IRVING PARK — To Angie Shkundrich, the American Dream looks an awful lot like a neighborhood dive bar.
This weekend, the Yugoslavian immigrant, who arrived in Chicago in 1972, will celebrate 25 years as the owner of Angie's Bar at the corner of Kedzie and Waveland avenues, where she's been serving up shots of Malort — "I tried it once and never again" — and PBR in a can long before it was an ironic hipster statement.
On Friday, patrons can come for the drink specials — $1 shots, $5 pitchers — and stay to meet the woman hundreds of patrons call "Mama."
At the age of 25, Shkundrich left what's now Serbia to join her sister and brother-in-law in Chicago. Within five years, working three jobs, she had scraped together enough money to buy her first business, a restaurant.
"I like to be in control," she said in a quiet, slightly-accented English.
A succession of bars and restaurants followed, including 10 years in Lincoln Square at the space now occupied by Essence of India. Shkundrich, who raised three children as a single mom, eventually planted roots in Irving Park. The bar, at 3700 N. Kedzie Ave., doubles as her home.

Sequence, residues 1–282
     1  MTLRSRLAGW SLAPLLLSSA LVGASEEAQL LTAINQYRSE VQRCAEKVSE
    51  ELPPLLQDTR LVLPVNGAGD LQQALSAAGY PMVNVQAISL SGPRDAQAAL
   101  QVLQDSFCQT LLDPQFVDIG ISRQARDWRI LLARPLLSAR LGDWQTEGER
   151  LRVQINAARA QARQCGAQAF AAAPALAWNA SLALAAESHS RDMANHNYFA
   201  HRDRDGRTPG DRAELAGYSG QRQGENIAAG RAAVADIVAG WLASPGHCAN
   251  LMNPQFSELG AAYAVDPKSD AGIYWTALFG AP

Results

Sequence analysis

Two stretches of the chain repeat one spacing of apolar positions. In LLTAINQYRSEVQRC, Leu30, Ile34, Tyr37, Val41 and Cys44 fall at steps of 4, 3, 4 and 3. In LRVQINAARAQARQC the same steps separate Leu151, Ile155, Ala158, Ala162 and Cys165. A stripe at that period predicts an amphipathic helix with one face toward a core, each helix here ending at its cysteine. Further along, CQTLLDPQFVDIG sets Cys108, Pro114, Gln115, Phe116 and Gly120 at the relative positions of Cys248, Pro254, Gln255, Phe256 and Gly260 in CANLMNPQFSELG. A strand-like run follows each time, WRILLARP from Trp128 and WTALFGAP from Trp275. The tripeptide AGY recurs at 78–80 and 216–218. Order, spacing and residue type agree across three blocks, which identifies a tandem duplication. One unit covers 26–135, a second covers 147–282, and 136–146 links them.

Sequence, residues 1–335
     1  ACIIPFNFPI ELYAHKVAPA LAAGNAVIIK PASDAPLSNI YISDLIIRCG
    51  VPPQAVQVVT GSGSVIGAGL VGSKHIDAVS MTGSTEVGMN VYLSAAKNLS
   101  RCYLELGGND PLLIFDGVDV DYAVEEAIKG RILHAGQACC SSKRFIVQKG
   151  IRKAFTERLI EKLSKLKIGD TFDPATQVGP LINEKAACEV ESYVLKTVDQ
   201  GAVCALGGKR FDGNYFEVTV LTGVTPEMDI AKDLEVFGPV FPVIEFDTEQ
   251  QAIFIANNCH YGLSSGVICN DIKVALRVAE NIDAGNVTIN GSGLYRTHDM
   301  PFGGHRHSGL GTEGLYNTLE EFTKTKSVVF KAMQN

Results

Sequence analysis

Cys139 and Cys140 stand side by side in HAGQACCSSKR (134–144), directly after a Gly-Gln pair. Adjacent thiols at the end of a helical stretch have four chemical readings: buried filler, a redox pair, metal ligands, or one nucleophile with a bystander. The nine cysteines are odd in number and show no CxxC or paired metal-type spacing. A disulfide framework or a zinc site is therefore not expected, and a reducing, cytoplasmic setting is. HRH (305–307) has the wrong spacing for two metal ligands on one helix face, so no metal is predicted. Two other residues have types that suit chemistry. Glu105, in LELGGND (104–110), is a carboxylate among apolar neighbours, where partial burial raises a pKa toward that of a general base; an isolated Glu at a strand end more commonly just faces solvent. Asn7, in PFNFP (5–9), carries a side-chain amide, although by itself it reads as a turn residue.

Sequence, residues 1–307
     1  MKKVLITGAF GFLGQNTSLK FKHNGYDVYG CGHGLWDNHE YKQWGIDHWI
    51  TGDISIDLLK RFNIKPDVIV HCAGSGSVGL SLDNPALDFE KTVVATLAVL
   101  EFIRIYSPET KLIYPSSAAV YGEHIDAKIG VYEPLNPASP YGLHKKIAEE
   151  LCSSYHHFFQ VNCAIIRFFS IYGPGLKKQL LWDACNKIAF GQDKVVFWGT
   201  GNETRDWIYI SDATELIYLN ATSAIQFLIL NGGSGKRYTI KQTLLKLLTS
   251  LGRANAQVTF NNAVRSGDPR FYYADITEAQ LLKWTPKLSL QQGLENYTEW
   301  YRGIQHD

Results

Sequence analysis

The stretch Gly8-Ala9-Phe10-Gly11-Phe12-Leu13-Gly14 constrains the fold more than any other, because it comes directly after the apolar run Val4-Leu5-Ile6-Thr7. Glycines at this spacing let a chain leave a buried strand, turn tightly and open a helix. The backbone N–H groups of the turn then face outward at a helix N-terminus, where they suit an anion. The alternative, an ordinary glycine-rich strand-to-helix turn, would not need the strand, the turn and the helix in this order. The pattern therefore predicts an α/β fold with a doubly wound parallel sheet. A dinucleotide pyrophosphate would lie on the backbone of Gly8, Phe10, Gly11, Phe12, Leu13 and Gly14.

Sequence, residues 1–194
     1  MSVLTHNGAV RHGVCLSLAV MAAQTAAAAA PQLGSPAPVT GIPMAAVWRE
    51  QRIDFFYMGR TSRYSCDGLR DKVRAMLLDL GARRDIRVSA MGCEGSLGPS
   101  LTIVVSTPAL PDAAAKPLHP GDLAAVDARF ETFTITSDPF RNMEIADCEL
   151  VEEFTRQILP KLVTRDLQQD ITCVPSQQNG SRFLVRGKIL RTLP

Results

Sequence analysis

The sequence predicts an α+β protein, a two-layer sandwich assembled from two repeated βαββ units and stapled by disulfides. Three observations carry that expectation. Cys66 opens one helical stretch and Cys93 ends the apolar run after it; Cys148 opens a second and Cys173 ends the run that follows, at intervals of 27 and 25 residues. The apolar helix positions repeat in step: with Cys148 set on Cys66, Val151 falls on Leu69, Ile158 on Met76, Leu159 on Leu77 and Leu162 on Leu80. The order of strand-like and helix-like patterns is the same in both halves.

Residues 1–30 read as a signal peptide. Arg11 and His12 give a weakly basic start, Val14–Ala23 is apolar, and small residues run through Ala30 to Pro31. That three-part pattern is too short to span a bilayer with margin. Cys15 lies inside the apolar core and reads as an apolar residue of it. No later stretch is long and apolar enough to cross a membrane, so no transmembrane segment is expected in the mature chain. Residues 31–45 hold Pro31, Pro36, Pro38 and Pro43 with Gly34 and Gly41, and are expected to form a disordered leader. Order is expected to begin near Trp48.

The building also houses a 200-seat banquet hall that once hosted an election night victory bash for fellow Serb and now former Gov. Rod Blagojevich. Revelers no doubt noshed on Skundrich's specialties — roast pork, potato salad and cabbage rolls, a spread she also lays out for patrons on Bears game days.
Aside from an occasional brush with the rich and incarcerated, Shkundrich is happiest mixing it up with the cast of characters who frequent the pub, including a sizeable contingent from the neighboring post office.
"I come from upstairs, sit here and watch," she said from her perch at the end of the bar. "People respect me. If I'm here, they'll be good."
"It's like 'Cheers.' It's not the prettiest place, but it's the best place," said Mike Dixon, a six-day-a-week regular who serves as the bar's unofficial goodwill ambassador and is an unabashed fan of Shkundrich.
"She's got thousands of people who love her. She changed a lot of lives in this neighborhood. She sleeps good at night," he said.
"If they need food, job, apartment for a couple of months, they can move in with me," Shkundrich said. "I was raised like that, to share. My father was the same way."
Dixon volunteered that Shkundrich also cooks up dozens of turkeys for the homeless on Thanksgiving and Christmas.
"They call her St. Angie," he said.
Her reward has been the countless friends she's made over the years.
"It's hard to spend all your life in a bar. But I met a lot of good people here. I don't think I could live without people," she said. "When I go on vacation, I miss all of them."